In addition, policy experts note that even when a patient isn’t responsible, higher charges add to the overall cost of care by driving up the cost for insurance companies, an increase that is reflected in higher premium prices. “We have to recognize that all parties in healthcare are economic players. That’s one reason this bill has been so disputed,” said Ward Sanders, president and CEO of the New Jersey Association of Health Plans, which represents insurance providers, and supports the bill.

The current version of the legislation (A-2390) has the backing of several major stakeholder groups, including the insurance industry and consumer advocates, which include patient organizations, business interests and labor unions. These entities insist a proposal that just requires greater disclosure from providers and insurance companies does not get to the heart of the problem.

Medical Society says problem overstated

“It’s not enough just to tell someone that, ‘Hey, you’re about to get a balance bill and it’s really going to stink for you and your family,’” said Linda Schwimmer, president and CEO of the Health Care Quality Institute, and a leader on the governor’s healthcare transition team. “There needs to be a system to resolve the issue.”

But physicians, for the most part, remain opposed to any effort to control out-of-network charges; the Medical Society of New Jersey has insisted the problem with surprise bills is overstated and that other changes in insurance contracting and state oversight are working to control the few egregious cases that remain. While outliers may still exist, the legislation shouldn’t be geared just to these “bad actors,” the group said.

The New Jersey Hospital Association has worked with the sponsors to fine-tune the measure but remains concerned about key elements of the mechanism outlined to resolve disputes between providers and payers.

Coughlin: all will ‘survive and prosper’

Neil Eicher, who heads government relations for the NJHA, said his membership is eager to resolve the issue, but stressed that hospital leaders did not quite know what to expect: the New Jersey legislation is the first in the nation to include hospitals in the payment-negotiation clause. (Unlike some states, New Jersey does not set hospital rates.)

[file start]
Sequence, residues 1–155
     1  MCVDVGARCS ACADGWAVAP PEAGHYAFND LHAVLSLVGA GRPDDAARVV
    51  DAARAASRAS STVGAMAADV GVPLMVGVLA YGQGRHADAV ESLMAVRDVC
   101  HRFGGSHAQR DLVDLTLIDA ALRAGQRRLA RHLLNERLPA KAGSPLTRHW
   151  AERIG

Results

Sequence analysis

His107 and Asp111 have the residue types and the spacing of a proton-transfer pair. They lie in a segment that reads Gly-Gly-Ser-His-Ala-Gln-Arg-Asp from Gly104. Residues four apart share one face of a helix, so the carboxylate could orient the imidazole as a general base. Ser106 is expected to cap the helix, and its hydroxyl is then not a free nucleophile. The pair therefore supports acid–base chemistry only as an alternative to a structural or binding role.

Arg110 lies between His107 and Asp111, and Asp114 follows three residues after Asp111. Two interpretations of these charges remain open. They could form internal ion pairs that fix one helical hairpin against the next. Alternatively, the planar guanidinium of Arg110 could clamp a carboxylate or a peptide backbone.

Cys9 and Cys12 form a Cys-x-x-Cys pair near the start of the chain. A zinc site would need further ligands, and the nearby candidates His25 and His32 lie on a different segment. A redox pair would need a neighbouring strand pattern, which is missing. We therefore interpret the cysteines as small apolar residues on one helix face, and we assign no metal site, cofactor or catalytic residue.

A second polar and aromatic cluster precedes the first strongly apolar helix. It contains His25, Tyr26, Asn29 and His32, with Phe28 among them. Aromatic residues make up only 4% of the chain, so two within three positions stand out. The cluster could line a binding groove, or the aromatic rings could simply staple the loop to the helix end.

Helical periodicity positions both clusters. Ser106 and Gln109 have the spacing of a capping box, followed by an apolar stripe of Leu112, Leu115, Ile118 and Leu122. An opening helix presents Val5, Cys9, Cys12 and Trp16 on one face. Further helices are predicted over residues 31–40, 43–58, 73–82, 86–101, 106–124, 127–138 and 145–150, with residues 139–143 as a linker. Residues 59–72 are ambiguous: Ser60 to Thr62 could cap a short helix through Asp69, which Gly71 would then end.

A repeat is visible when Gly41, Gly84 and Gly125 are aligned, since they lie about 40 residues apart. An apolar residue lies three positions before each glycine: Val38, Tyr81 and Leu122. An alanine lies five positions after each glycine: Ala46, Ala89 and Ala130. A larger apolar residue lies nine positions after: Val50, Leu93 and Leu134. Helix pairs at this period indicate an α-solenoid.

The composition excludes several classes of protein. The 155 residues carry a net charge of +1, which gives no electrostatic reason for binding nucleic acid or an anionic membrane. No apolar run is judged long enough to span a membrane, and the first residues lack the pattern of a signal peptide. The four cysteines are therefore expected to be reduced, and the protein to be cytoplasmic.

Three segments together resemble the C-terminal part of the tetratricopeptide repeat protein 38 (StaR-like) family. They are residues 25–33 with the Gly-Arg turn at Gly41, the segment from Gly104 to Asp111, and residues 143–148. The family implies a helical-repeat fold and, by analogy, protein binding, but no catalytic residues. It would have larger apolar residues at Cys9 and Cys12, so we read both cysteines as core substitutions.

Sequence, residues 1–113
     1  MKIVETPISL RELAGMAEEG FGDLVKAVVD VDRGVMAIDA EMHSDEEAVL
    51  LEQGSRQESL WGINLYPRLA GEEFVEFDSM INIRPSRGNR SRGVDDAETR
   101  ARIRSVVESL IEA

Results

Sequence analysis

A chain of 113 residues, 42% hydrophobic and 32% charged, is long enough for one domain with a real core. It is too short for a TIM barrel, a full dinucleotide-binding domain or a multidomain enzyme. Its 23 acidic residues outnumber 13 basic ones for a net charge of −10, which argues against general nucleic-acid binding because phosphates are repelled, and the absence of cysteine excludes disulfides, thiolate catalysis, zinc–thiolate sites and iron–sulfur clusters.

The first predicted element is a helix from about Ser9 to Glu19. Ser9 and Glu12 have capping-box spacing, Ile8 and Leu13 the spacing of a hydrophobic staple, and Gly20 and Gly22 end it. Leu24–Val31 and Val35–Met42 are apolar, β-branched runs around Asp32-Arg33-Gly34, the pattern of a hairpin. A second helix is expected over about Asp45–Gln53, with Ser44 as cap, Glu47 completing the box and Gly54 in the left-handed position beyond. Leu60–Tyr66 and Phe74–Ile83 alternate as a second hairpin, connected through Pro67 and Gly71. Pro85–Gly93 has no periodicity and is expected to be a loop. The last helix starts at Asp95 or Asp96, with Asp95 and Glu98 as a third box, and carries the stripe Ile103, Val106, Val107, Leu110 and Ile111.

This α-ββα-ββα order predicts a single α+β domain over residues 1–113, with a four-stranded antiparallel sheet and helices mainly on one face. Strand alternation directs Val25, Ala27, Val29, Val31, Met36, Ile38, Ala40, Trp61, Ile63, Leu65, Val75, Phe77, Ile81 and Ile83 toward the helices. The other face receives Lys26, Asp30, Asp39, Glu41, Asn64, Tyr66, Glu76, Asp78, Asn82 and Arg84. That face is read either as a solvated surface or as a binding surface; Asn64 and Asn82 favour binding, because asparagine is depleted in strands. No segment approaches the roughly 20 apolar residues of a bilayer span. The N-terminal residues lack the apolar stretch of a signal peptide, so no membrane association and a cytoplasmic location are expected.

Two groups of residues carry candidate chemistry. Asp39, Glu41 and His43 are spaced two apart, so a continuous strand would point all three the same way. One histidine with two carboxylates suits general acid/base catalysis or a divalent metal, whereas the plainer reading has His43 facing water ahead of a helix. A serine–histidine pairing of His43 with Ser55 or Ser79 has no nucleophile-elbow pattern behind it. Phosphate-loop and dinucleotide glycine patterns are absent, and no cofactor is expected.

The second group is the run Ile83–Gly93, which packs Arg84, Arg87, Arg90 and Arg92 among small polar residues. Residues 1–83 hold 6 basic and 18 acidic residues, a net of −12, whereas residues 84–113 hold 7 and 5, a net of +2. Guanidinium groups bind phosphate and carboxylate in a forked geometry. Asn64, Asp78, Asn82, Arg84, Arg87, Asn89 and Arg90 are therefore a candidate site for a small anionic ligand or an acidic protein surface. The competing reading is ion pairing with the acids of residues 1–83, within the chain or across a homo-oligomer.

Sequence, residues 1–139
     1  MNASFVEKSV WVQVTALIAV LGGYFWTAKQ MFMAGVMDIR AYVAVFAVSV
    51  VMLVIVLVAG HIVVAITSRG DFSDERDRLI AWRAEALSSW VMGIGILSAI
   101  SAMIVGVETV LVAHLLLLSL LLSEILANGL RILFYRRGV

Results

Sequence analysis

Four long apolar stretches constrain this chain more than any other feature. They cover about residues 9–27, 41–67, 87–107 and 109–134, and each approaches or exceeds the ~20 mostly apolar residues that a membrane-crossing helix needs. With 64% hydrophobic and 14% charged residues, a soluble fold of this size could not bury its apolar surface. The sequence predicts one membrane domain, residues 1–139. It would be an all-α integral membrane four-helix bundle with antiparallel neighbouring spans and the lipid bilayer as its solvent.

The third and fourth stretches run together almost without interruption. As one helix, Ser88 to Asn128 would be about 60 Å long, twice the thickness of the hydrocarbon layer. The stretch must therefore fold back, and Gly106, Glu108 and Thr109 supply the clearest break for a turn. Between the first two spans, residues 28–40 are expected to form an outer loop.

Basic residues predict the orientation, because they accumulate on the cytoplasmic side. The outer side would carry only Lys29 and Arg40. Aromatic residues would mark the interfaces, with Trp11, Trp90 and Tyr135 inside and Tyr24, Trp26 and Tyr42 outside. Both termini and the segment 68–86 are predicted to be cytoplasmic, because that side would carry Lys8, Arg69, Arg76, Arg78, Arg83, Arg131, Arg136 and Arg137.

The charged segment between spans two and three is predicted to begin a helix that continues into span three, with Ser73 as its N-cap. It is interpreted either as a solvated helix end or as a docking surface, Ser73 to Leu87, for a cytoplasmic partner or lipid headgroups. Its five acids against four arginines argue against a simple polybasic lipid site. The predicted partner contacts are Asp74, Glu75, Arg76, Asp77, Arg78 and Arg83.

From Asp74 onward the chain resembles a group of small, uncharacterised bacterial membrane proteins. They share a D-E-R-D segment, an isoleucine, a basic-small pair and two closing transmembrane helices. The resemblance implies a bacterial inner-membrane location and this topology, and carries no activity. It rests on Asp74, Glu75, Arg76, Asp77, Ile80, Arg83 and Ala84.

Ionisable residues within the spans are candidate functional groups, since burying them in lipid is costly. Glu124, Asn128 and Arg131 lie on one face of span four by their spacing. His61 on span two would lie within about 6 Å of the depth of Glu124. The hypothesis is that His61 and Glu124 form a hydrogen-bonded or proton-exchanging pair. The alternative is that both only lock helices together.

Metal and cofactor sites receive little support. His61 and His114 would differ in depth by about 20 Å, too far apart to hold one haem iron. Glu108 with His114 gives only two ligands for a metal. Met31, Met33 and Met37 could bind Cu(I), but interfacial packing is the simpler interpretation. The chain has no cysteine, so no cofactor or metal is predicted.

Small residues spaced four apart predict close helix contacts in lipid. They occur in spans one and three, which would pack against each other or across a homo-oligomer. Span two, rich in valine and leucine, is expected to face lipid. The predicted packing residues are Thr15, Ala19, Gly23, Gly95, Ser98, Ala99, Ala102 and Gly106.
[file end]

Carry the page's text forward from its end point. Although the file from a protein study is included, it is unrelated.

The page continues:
Assemblyman John McKeon (D-Essex), who chairs the financial institutions committee and is a co-sponsor on the bill, urged Eicher to submit suggestions to address the industry’s two primary concerns — a mechanism to ensure some payment upfront when there is a dispute, and different benchmarks for resolving a billing debate, if needed. McKeon said he couldn’t promise any amendments, but he underscored the urgency among leadership to address the issue.

Coughlin, who testified early on, stressed that most of the stakeholders have worked hard to come as close as possible to an agreement. “Each has won and lost something in this,” the speaker said. “If enacted, I’m sure all will be able to survive and prosper.”

One point of consensus was that, regardless of the details, the legislation would only have limited impact. More than two-thirds of those with health insurance are covered under so-called ERISA plans, which are self-insured and regulated by the federal government, not state. (The proposal would allow these plans to opt in to the dispute-resolution mechanism to help resolve out-of-network billing questions, although it’s not clear how many would enroll.)

“This is not a perfect bill,” noted Assemblyman Gary Schaer (D-Bergen), another lead sponsor, who chastised providers and payers for not coming together to resolve the issue on their own, without help from the Legislature. “But it seems to me this is a very significant best effort to find a solution to a problem that everyone seems to agree there is.”